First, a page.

Family, Children & Education
Deutsche Sprache, schwere Sprache (German language – difficult language)? This translation of a popular German expression may sound somewhat scary. However, picking up some vocabulary and acquiring basic skills in Deutsch for the office, the supermarket, or the gym isn’t all that difficult, and it can work wonders. While you are likely to get by with a reasonable command of English in Germany’s major cities, many locals will appreciate your learning German and will be glad that you show some interest in their language.
As you may have read in the article on language in Germany, German belongs to the Indo-European language family. From the academic point of view, it is closely related to English and Dutch, although it has borrowed many words from Latin and French. In practical terms, however, an English native speaker attending a German course won’t have many advantages over native speakers of other European languages, from Norwegian to Spanish.
Spelling and Pronunciation
With its 30 letters (26 Latin ones + ä, ö, ü, ß), the writing system takes little effort to learn. Orthography, though, can seem a bit confusing: The German language is the only one to capitalize all nouns. However, this might help you to identify important parts of a German sentence, e.g. das Kind rannte vor das Auto (‘the child ran in front of the car’).
Unlike most African and East Asian languages, German is not tonal. Pitch (the fundamental frequency of a sound) is not used to distinguish between words. For example, according to the level of the tone (high or low), the Chinese syllable ma has up to five different meanings, from ‘mother’ to ‘horse’. Such a phenomenon does not exist in German.
Once you have mastered the various sounds of vowels, consonants, and a few combinations, pronouncing words correctly is fairly easy in German. Unlike English, where you can pronounce the letter sequence ough in about ten different ways, the relationship between letters and sounds stays consistent in German: The letter f, for instance, is always pronounced like the f-sound in ‘father’, no matter where it appears.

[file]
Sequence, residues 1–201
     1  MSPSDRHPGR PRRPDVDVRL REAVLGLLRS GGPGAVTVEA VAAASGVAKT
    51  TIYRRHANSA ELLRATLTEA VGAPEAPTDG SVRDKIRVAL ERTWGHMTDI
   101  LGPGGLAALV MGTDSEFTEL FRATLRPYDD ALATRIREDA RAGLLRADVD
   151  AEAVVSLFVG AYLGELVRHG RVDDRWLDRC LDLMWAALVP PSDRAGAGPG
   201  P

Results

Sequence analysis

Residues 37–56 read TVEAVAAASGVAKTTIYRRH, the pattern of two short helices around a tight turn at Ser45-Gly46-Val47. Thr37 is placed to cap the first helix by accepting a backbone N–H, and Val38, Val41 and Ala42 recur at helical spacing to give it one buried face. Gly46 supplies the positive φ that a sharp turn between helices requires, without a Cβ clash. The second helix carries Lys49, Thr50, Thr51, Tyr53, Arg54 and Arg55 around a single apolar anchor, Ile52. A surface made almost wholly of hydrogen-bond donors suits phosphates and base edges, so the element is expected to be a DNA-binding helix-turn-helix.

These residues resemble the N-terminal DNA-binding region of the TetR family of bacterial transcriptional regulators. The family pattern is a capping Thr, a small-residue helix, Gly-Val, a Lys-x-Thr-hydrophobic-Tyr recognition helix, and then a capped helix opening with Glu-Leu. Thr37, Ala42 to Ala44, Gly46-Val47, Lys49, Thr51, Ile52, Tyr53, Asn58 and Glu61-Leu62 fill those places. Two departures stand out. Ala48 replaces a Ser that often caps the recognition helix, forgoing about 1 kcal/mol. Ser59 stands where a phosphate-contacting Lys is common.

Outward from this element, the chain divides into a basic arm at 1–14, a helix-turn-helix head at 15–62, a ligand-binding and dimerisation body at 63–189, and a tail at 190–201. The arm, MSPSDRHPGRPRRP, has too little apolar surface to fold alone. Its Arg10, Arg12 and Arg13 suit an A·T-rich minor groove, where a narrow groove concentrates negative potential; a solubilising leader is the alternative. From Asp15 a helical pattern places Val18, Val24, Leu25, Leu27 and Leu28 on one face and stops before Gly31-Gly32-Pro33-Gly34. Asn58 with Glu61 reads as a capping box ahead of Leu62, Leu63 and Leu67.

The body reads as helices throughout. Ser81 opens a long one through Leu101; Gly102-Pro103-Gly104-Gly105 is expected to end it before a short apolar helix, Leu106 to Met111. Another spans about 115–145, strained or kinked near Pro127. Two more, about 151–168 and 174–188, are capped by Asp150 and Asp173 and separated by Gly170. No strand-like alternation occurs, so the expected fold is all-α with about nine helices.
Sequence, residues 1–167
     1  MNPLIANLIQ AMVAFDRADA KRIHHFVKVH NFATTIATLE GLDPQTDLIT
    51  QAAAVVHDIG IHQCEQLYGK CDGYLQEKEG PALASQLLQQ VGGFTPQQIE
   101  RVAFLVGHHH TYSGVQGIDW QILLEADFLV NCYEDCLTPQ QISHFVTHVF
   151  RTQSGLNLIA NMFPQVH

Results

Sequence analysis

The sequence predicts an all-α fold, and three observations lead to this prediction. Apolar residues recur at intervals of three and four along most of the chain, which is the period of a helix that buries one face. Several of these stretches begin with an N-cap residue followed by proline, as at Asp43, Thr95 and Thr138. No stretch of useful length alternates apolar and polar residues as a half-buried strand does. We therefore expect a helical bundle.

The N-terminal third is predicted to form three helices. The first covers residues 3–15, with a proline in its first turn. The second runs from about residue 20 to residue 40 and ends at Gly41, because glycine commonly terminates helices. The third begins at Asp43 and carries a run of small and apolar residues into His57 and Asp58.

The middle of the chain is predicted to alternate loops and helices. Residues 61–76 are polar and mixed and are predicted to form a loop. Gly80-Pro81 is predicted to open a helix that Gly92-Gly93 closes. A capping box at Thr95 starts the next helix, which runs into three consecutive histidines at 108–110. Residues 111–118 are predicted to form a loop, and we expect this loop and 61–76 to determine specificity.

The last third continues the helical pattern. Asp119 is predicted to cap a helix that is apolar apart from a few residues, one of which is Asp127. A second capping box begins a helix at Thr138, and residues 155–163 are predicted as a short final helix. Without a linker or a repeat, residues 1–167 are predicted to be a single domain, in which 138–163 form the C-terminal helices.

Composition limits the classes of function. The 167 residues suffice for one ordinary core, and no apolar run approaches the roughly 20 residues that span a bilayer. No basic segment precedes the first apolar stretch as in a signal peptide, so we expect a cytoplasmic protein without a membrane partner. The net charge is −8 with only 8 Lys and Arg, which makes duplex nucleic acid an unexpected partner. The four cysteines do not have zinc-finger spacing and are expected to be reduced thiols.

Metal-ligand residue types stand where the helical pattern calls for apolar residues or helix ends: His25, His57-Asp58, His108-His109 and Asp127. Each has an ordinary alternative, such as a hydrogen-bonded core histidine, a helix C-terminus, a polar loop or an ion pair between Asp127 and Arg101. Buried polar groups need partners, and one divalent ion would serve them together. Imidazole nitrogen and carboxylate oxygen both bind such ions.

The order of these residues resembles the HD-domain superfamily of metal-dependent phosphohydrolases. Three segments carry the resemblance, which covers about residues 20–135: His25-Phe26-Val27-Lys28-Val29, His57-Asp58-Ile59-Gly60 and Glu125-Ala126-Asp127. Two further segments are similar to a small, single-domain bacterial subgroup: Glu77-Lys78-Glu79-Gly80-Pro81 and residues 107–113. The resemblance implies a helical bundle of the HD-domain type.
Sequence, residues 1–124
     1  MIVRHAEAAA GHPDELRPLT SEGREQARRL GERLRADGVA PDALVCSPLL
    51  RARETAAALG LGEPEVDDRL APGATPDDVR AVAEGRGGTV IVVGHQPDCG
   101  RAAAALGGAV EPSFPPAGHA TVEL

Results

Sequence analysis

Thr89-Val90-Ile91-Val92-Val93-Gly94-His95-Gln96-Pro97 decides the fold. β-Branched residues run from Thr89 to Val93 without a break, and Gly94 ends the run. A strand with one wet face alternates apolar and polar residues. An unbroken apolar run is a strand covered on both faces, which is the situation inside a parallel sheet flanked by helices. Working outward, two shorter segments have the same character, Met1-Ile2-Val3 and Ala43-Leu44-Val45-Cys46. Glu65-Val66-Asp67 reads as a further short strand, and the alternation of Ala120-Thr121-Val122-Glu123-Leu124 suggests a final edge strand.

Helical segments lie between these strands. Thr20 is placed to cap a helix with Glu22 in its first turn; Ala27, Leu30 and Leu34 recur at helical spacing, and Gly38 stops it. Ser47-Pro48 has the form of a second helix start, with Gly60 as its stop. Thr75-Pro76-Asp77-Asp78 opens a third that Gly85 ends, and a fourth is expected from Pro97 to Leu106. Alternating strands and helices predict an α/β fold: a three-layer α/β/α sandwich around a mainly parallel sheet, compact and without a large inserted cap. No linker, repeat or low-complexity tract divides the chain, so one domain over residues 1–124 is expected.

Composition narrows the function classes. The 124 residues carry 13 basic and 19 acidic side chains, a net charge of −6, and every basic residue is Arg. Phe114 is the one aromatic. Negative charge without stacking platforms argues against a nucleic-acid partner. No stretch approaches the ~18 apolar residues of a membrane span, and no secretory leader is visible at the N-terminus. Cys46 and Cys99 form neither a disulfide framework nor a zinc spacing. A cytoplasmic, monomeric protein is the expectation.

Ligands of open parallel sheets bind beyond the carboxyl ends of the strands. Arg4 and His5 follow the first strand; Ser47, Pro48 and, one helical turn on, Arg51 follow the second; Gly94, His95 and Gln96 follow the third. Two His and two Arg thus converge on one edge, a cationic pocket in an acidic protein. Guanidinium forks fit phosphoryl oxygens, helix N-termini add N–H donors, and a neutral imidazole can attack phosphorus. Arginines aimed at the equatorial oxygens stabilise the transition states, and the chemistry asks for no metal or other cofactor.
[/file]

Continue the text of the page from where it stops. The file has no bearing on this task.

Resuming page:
Throughout all your courses and lessons, you will come to the same conclusion: Whatever the German writing system and pronunciation lack in subtlety, the grammar makes up for. The trickiest aspects of are verb inflection, noun inflection, and complex sentences. Exploring them all in full detail would be beyond the scope of this article, though.
Verb forms in German indicate
- whom the verb refers to (e.g. the speaker, ‘I’, vs. the person spoken about, ‘he/she’; one person, ‘I’, vs. many people, ‘we’)
- whether the action takes place in the past, the present or the future
- if someone is acting or something happens to a person, and several other nuances
This can be puzzling, especially if these facets are missing from a language learner’s mother tongue. For instance, a Japanese expat who is learning German should pay attention to singular and plural verb forms: This distinction doesn’t exist in Japanese.
Noun inflection in German obviously applies to nouns, but also to articles, pronouns, and adjectives. It depends on
- the grammatical gender of the word (masculine – feminine – neuter, or der – die – das)
- on the number (singular vs. plural)
- on the function of the noun within the sentence
The latter is summed up in the so-called case system, which describes exactly these functions. English speaking students of German complain about many a headache caused by grammatical ‘cases’.
For example, the first case or nominative case describes the subject of a sentence, the thing doing the action: Der Mond erscheint am Himmel. – ‘The moon appears in the sky’. The accusative or fourth case, however, refers to a thing directly receiving an action: Die Wolke verdeckt den Mond. – ‘The cloud hides the moon.’
There are four cases in German grammar. They may drive the modern English or French speaker to distraction. On the other hand, people fluent in Russian, Finnish, or Hungarian (with six, fifteen, or eighteen cases, respectively) will just smile full of Schadenfreude.
Unlike the multi-faceted systems of expressing common courtesy in languages such as honorific Korean, the most important distinction for everyone learning German is the form of address.
According to German etiquette, use du for relatives, friends, students, and children, and reserve Sie for bosses, co-workers, very casual acquaintances, and strangers, especially your elders. Also, a simple bitte (‘please’) and a brief danke schön (‘thank you very much’), combined with a friendly smile, go a long way.
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